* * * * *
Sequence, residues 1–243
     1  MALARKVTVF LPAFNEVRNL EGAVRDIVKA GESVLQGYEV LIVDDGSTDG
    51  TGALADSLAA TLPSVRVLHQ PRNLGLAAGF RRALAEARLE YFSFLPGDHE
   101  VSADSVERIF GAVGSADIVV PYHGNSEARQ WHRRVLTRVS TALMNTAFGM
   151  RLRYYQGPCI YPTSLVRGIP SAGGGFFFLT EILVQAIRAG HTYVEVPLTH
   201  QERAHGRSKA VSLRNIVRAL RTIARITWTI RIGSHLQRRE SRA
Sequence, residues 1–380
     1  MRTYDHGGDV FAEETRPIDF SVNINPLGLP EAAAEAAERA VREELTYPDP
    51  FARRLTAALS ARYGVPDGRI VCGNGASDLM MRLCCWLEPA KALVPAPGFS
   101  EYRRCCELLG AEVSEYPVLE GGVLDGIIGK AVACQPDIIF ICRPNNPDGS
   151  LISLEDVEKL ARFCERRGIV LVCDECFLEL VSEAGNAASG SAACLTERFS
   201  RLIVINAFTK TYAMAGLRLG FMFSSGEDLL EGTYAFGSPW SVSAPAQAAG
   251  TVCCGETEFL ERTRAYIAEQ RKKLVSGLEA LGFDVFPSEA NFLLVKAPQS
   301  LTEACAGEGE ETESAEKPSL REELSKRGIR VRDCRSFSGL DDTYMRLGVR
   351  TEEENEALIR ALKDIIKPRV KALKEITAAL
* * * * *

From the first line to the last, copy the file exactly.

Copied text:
Sequence, residues 1–243
     1  MALARKVTVF LPAFNEVRNL EGAVRDIVKA GESVLQGYEV LIVDDGSTDG
    51  TGALADSLAA TLPSVRVLHQ PRNLGLAAGF RRALAEARLE YFSFLPGDHE
   101  VSADSVERIF GAVGSADIVV PYHGNSEARQ WHRRVLTRVS TALMNTAFGM
   151  RLRYYQGPCI YPTSLVRGIP SAGGGFFFLT EILVQAIRAG HTYVEVPLTH
   201  QERAHGRSKA VSLRNIVRAL RTIARITWTI RIGSHLQRRE SRA
Sequence, residues 1–380
     1  MRTYDHGGDV FAEETRPIDF SVNINPLGLP EAAAEAAERA VREELTYPDP
    51  FARRLTAALS ARYGVPDGRI VCGNGASDLM MRLCCWLEPA KALVPAPGFS
   101  EYRRCCELLG AEVSEYPVLE GGVLDGIIGK AVACQPDIIF ICRPNNPDGS
   151  LISLEDVEKL ARFCERRGIV LVCDECFLEL VSEAGNAASG SAACLTERFS
   201  RLIVINAFTK TYAMAGLRLG FMFSSGEDLL EGTYAFGSPW SVSAPAQAAG
   251  TVCCGETEFL ERTRAYIAEQ RKKLVSGLEA LGFDVFPSEA NFLLVKAPQS
   301  LTEACAGEGE ETESAEKPSL REELSKRGIR VRDCRSFSGL DDTYMRLGVR
   351  TEEENEALIR ALKDIIKPRV KALKEITAAL